Over the past year, whenever Ms. Copeland, 32, danced leading roles with Ballet Theater, her performances became events, drawing large, diverse, enthusiastic crowds to cheer her on at the Metropolitan Opera House, the Brooklyn Academy of Music and the David H. Koch Theater at Lincoln Center. After she starred in “Swan Lake” with Ballet Theater last week — becoming the first African-American to do so with the company at the Met — the crowd of autograph-seekers was so large that it had to be moved away from the cramped area outside the stage door.”
In the ballet industry, principals not only earn the respect of the dance world but are also paid more, dance bigger roles and see their photos in programs, as well as their names in larger type. Ms. Copeland last seemed on the verge of promotion in 2012 after a breakthrough performance in the title role of Stravinsky’s “The Firebird,” but she was sidelined by injury.
She hasn’t been without her critics. The Times continues, “While Ms. Copeland has earned many good reviews when she has danced big roles, including some calling for her promotion, other critics have suggested that she still has work to do to make some classical roles fully her own.
When she danced the double role of Odette/Odile in “Swan Lake” for the first time, in New York last week, she did not do some of the traditional bravura fouetté turns — which critics forgave, but noted. But she has also established herself outside traditional dance circles with her books (her memoir and “Firebird,” an illustrated children’s book), ads and public appearances, and has received help shaping her public image from her manager, Gilda Squire.”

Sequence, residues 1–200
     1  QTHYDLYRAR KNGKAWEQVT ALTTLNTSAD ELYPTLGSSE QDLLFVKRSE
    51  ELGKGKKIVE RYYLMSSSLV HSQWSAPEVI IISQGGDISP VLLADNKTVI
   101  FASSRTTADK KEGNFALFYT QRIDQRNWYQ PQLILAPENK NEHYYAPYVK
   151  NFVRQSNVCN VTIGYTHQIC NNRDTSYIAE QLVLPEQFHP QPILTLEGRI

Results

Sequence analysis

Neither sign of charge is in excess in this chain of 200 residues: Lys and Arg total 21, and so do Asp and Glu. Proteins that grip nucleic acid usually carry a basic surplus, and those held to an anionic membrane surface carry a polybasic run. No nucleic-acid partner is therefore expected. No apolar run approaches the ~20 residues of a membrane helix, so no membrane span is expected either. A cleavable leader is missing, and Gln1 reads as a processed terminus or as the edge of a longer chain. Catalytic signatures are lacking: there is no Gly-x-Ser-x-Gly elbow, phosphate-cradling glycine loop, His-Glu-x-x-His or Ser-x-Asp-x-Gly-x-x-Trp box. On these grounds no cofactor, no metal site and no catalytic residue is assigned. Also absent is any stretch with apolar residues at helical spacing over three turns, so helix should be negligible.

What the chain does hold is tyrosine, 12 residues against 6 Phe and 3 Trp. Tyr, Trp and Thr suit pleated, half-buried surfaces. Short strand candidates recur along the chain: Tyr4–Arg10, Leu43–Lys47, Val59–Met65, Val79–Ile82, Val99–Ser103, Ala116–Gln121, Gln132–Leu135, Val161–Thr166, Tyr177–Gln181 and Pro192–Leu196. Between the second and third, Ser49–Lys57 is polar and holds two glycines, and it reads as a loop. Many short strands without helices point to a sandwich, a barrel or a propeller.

Isn’t success grand? Nothing silences the critics more.
As much as Misty has achieved, there is more.
The respected news source newsweek.com informed, “She has risen to a renown in the cultural mainstream that is rare for a ballet dancer in recent decades. In January 2014, she signed with Under Armour, a maker of athletic goods, and several months later, her first ad with for the company’s I Will What I Want campaign made a splash.
Over the last several years, Copeland has been the subject of countless stories in dance-specific publications as well as in mainstream media outlets, including an in-depth New Yorker profile. She was also the protagonist in the documentary A Ballerina’s Tale, which screened at this year’s Tribeca Film Festival. In April of this year, Copeland graced the cover of Time magazine’s 100 Most Influential People in 2015 issue. She has garnered a loyal following on social media, with nearly 50,000 followers on her very active Twitter account and more than half a million on Instagram.”
Female Competition International is ecstatic to briefly introduce Misty Copeland to our competitive female grappling industry. As the two worlds come closer and closer with performances at the Dojo, it’s wonderful to be guided by the light and magic of dance.
Misty Copeland is the perfect lead.
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Sources: brainyquote.com, Wikipedia, fciwomenswrestling2.com, FCI Elite Competitor, photos thank you Wikimedia Commons.